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Kimberly Neal: Q & A: What was your path?

kimberly-neal

Kimberly H. Neal, J.D.

President
TranZed Apprenticeship Ventures

Q: What was your path?
A: It’s been a bit like the yellow brick road, but ultimately every twist and turn has led to something exciting. After college, I accepted a management role at The Greenbrier resort in West Virginia, and later moved to Maryland to attend law school and launch my career as a business litigator. By early 2016, I reached a fork in the road.  I looked at my core values, was honest about my greatest gifts and deepest passions, and recognized I didn’t just need my work and life to balance – I needed it to mean something. Six months later, I left the practice of law to take on my current role as president of TranZed Apprenticeship Ventures. It’s been one of the most valuable moves I’ve ever made.

Q: Tell us about the new job and what an apprenticeship means.
A: I wear many hats (some much prettier than others!). Our team is building a brand and a business based on a time-honored concept that now has new relevance in our society and economy: Apprenticeships. Even in what seems to be a particularly challenging political climate, state and national leaders on both sides of the aisle – along with well-known public figures like Mike Rowe – recognize that apprenticeships provide real solutions to our nation’s skills gap. I feel like I am helping to lead a movement, and it’s very exciting!

Maryland has positioned itself as a national leader in apprenticeships, and TranZed Apprenticeships is proud to be the state’s first registered program to offer apprenticeships in occupations beyond the traditional trades (electrician, plumber, iron worker). Specifically, we offer “learn-and-earn” employment opportunities in IT, digital media, and cyber security to individuals who are motivated to immerse themselves in a full-time, paid experience that includes a curriculum-based education and on-the-job training.

Q: What experiences in your previous field prepared you for this new field?
A:  I use the skills I developed while practicing law daily in my current role. I am constantly called to think on my feet, help explain new and sometimes confusing concepts, and convince businesses, political and educational leaders, students and their families, that college is not necessarily “the only way;” apprenticeships offer a firm career foundation as well as many benefits that other practices or paths cannot.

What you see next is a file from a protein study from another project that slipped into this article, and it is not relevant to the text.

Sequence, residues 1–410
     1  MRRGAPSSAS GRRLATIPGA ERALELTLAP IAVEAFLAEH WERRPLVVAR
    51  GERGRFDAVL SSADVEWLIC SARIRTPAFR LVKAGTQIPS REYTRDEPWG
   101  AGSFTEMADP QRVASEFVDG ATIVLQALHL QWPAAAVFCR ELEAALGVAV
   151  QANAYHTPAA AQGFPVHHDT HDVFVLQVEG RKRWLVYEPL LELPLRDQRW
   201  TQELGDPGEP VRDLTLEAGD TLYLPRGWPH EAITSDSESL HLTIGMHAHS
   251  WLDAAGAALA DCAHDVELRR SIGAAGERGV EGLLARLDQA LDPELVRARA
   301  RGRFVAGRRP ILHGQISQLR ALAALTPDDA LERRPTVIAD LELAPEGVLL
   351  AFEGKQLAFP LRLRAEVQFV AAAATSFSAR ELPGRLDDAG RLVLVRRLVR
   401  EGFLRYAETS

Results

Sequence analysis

Q: What advice do you have for women who want to change jobs or professions?
A: Be true to yourself. Consider not only your current status, but your future goals too – and then evaluate what it will take to get to where you want to be. If you’re in a position where you must make compromises that don’t align with your core values or your “best self,” it may be time for a change. And, finally, seek the best advice from the best people, pray, and pay attention to signs. If signs point to yes, go for it!

Q: What’s next?
A: I look forward to the moment a few years from now when our TranZed Apprenticeships team can proudly say we have established a successful, well-run program that has helped many Maryland businesses and employees alike, and that has helped society as a whole to better understand and value apprenticeships. Indeed, our team enjoys considering which actors will play us in a future Oscar-winning movie about Maryland’s apprenticeship movement.

  • Age: 37
  • Education: J.D., University of Baltimore School of Law; B.A., English & Political Science, Mississippi State University
  • Favorite Movie: Gone With the Wind
  • Favorite Book: Gone With the Wind
  • Favorite Quote: “You can be true to the character all you want, but you’ve got to go home to yourself.” Julia Roberts
  • Favorite Vacation Destination: Lewes, Delaware – It’s nearby, charming and entirely relaxing!
  • Hobbies: Running, wine tastings, singing and reading
  • Family: I’m a proud mother to the most fun and stylish kid that I know, Caleb, who will be 5 in a couple of weeks. And wife to the calmest, most intelligent man that I know, Aaron.

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